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16 April 2020

An innovative environmental stewardship scheme from Brookfield Renewable and Canada’s First Nation ‘Namgis community is helping to safeguard local fish species in British Columbia.



The Kokish hydroelectric facility is located on northeastern Vancouver Island, on Canada’s Pacific coast. The run-of-river facility is owned and operated by Kwagis Power, a collaboration between Brookfield Renewable Partners and the ‘Namgis First Nation.

Commissioned in 2014, Kokish has an installed capacity of 45 MW, generating enough clean renewable energy to power 13,000 homes annually.

One of the standout features of the hydropower project, apart from its unique collaboration with the ‘Namgis First Nation, has been its commitment to environmental stewardship involving the design of new ‘fish-first’ technologies.

“Respecting the environment was a priority during construction and its subsequent operation,” says Richard St-Jean, Vice-President for Generation Management at Brookfield Renewable, which is a member of the International Hydropower Association (IHA).

“Great care was taken not only to protect, but also to enhance the fish habitat and fisheries resources in the Kokish River watershed,” says St-Jean. “In fact, project planning began in 2004 and was followed by years of studying the river system, gathering data and preparing engineering and environmental plans.”

The Kokish River is home to Coho, Chinook, Chum, Pink and Sockeye salmon, as well as to Cutthroat, Steelhead and Rainbow trout, all important species for the ‘Namgis First Nation who have relied on these species for food throughout history.

To ensure that fish could continue to migrate, and to minimise the impact on the environment, the innovative design of the facility included a fish ladder, which allows fish to swim upstream, and an elaborate Coanda screen designed and tested to prevent fish from entering the intake box. These features ensure the safe passage of fish both upstream and downstream.

According to St-Jean, the Kokish project is “not only a model of how sustainable engineering can effectively eliminate and environmental impacts, it is also a great example of how the public, First Nations communities and the private sector can collaborate and work on a renewable power project that improves our energy infrastructure.”

Since operation, the project has won several environmental and social responsibility and engineering awards, including the 2019 Clean Energy BC Environmental Stewardship Award, as well as the 2015 Social Responsibility Award from the Canadian Electricity Association and the 2015 Award of Excellence of the Canadian Consulting Engineering Awards.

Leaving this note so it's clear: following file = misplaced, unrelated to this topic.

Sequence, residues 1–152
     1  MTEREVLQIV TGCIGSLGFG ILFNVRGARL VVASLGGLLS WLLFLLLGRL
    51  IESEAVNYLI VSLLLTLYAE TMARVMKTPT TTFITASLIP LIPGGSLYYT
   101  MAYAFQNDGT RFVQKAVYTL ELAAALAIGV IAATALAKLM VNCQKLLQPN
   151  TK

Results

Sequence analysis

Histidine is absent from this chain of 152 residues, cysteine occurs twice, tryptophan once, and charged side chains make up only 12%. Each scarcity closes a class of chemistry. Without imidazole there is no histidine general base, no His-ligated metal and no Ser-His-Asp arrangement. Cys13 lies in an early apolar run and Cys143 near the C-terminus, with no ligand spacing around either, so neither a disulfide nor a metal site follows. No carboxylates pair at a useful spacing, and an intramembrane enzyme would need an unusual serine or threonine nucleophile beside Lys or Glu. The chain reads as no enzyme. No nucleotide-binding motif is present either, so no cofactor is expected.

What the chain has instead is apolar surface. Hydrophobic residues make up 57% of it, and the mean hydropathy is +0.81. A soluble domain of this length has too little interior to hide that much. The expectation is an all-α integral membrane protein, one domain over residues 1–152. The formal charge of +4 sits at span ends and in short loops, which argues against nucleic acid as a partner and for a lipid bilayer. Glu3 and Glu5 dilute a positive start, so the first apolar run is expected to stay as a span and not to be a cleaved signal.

“The Kokish project is one of the most environmentally complex run-of-river hydroelectric projects that I have worked on since starting in this industry over a decade ago,” says Ian Murphy, Project Manager for Ecofish Research, a leading environmental consultancy.

“In my opinion, the application of a diligent, science-based approach was the key to successfully overcoming complex environmental challenges that were faced by the project team.”

The project is also well-received by the ‘Namgis First Nation, whose livelihoods and cultural heritage have been respected as a result.

“The health and well-being of our lands, waters and wildlife is always priority for ‘Namgis,” says Bill Cranmer, Chief of the ‘Namgis First Nation.

“I am proud and confident of the work we have done on this project. I believe that we have embarked on a strong economic opportunity for the north island, that will ultimately prove to enhance and protect all species of fish who call Kokish home.”

For more information on this project, download Brookfield Renewable’s 2019 ESG Report

Quick Facts: Kokish hydropower plant

  • Design: Run-of-River with a 9.2km Penstock from the Intake to the Powerhouse

  • Gross head: 240 m

  • Design Flow: 25 m3/s

  • Turbines: 4 x 11.25 MW Pelton (Impulse)

  • Installed Capacity: 45 MW

  • Annual Net Energy: 138 GWh

  • Construction completed: 2014 



New deadline for applications is 1 June 2020

6 April 2020 – The deadline for the Hydropower Sustainability ESG Assessment Fund announced in February has been extended to 1 June 2020.

The decision comes as a response to the general disruption caused by the coronavirus pandemic.

“In a moment where we all had to make adjustments in our personal lives and professional activities, we understand a deadline extension is fair for all applicants. This will hopefully give everyone more time to plan, prepare and submit proposals,” said Joao Costa, Senior Sustainability Specialist at IHA.